HONOLULU (KHON2) — The Hawaii Supreme Court ruled unanimously in favor of Native Hawaiians seeking damages over decades of waiting for homestead leases.
Known as the Kalima case, it is one of the longest running court battles over how the state administers the homelands trust.
The class-action suit was filed in 1999 with 2,700 plaintiffs.
Ten years later, in 2009, a lower court found the state liable for damages but nothing has been paid while the ruling was on appeal to the supreme court.
Now an administrative process can get underway to determine what each of the thousands of plaintiffs is owed.
The court said “The State of Hawaii has done little to address the ever-lengthening waitlist… Native Hawaiian beneficiaries….as a result of the state’s mismanagement of the trust, have languished.”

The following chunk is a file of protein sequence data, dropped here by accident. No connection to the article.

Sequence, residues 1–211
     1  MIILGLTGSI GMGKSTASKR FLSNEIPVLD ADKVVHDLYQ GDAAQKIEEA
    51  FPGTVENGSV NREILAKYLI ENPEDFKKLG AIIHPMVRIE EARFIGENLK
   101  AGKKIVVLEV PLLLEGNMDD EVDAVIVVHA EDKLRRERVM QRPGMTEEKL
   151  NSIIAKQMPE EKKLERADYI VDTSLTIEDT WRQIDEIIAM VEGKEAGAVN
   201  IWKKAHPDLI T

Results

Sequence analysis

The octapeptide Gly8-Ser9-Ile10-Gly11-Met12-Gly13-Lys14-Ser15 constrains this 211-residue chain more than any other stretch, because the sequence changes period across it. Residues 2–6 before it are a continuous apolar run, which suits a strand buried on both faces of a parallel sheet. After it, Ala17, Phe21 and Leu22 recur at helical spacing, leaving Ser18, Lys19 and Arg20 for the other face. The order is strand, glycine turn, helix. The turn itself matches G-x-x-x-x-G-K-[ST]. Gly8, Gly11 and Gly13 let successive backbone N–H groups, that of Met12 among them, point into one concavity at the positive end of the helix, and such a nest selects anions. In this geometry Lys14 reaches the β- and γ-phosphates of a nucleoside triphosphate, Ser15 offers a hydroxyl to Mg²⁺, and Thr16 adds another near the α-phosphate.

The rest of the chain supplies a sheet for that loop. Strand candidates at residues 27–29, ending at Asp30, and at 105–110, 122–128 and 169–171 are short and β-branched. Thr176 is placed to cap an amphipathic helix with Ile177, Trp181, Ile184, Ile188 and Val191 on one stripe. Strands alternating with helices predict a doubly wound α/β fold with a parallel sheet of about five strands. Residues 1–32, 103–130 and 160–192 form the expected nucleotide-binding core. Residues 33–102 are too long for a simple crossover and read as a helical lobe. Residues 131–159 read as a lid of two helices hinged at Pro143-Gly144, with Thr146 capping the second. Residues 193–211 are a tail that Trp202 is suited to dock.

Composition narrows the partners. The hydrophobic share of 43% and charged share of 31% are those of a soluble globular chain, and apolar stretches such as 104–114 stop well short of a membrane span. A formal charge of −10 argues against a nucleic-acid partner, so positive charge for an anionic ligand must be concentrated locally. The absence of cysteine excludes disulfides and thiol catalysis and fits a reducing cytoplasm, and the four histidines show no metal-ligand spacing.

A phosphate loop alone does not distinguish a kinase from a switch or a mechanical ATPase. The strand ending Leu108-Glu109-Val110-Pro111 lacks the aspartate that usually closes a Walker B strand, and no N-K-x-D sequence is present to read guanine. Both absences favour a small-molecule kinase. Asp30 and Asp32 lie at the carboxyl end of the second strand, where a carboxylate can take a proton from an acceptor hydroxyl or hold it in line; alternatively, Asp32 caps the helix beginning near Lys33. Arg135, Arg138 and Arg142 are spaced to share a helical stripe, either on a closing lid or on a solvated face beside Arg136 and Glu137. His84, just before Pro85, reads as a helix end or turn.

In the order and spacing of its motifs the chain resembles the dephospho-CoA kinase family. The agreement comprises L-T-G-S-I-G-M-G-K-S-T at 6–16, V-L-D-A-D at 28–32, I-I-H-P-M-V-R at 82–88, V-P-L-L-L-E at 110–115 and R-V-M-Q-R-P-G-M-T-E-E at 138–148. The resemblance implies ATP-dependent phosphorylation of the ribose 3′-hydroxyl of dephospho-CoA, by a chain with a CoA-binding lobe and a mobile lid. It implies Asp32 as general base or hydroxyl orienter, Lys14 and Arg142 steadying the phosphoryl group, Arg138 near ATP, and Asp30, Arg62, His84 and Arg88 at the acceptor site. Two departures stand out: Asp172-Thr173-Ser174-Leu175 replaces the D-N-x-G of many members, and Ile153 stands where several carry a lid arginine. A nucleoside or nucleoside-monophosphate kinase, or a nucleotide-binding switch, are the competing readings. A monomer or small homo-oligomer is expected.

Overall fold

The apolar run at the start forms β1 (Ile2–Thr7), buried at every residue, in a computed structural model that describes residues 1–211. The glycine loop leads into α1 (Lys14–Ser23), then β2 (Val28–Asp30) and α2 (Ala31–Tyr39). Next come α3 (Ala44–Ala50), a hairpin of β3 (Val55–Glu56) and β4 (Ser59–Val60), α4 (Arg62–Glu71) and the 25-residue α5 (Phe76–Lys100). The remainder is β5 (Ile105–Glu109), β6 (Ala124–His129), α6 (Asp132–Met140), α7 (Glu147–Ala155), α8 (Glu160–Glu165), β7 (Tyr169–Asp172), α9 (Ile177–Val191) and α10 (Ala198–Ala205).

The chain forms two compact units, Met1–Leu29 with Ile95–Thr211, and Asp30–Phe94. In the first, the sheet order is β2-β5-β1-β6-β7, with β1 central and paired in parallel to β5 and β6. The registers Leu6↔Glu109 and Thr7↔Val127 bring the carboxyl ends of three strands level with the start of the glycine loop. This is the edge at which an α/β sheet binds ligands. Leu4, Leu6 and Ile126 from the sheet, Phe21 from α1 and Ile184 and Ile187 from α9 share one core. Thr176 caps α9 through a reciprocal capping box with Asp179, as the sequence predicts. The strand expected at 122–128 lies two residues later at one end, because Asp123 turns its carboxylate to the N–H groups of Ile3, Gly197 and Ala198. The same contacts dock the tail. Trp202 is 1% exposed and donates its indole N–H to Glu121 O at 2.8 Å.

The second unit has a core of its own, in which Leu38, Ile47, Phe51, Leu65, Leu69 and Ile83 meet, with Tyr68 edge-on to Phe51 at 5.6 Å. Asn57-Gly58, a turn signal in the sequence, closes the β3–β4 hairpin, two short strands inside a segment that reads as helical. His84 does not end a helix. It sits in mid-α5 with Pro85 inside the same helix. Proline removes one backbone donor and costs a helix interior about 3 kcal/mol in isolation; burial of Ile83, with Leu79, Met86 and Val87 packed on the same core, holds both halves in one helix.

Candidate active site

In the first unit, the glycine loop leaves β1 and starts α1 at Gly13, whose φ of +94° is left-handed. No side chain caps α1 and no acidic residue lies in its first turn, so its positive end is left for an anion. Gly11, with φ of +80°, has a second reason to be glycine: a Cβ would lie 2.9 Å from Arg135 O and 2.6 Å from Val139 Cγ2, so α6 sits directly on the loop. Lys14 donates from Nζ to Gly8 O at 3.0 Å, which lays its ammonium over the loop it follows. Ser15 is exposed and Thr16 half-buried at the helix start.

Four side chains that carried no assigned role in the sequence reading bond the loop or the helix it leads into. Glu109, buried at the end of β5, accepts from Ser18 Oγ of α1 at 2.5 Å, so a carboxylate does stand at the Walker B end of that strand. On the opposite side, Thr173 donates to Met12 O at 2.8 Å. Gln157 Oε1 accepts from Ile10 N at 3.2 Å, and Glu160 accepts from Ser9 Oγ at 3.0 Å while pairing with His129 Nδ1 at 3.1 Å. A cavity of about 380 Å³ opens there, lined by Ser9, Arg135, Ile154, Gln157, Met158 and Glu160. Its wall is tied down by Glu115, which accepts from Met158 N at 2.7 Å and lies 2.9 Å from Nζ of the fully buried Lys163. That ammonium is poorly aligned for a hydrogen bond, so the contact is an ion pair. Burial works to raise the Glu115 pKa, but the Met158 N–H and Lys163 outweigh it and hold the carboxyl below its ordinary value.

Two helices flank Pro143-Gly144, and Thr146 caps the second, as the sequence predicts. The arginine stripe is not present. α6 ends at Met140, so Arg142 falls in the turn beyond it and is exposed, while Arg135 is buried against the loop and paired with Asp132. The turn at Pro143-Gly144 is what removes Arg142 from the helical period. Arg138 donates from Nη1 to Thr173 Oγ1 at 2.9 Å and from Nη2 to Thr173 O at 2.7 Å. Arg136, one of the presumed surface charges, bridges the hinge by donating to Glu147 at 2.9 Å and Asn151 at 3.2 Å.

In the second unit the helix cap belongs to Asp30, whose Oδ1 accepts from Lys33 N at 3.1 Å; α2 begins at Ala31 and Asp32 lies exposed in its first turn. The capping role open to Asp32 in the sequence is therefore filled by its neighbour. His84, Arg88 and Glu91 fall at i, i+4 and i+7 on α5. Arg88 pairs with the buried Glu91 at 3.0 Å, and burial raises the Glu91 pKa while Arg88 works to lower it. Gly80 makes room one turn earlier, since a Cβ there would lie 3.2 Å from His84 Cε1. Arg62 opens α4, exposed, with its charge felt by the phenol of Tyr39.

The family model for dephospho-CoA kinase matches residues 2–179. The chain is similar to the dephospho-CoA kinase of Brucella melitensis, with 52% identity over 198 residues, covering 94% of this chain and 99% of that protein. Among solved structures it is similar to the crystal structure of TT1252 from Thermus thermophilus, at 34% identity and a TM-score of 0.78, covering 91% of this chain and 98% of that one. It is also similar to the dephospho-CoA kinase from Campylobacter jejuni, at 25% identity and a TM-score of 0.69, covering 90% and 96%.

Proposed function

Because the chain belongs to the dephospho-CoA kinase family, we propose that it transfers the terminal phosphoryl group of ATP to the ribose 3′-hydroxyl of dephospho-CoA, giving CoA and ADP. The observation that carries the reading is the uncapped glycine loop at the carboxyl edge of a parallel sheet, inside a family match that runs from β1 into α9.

DHHL deferred comment to the Attorney General’s office. We are awaiting comment from the AG.
THE LATEST ON KHON2
- This is the biggest contagion spot for COVID-19 in airports
- Hawaii reports 105 Coronavirus cases, 1 new death
- UHERO: Economic conditions in Hawaii improve as COVID-19 vaccine rates rise
- Honolulu Hale to be lit in light blue to honor Emergency Medical Services
- Hawaii softball closes season with doubleheader split against UC Davis